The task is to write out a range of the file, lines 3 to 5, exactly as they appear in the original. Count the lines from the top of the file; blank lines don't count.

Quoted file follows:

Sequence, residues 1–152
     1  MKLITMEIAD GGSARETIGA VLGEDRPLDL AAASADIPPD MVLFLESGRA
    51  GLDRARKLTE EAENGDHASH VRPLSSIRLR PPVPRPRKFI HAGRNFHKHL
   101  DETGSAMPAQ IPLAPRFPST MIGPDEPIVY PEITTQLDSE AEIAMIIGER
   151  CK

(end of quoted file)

    51  GLDRARKLTE EAENGDHASH VRPLSSIRLR PPVPRPRKFI HAGRNFHKHL
   101  DETGSAMPAQ IPLAPRFPST MIGPDEPIVY PEITTQLDSE AEIAMIIGER
   151  CK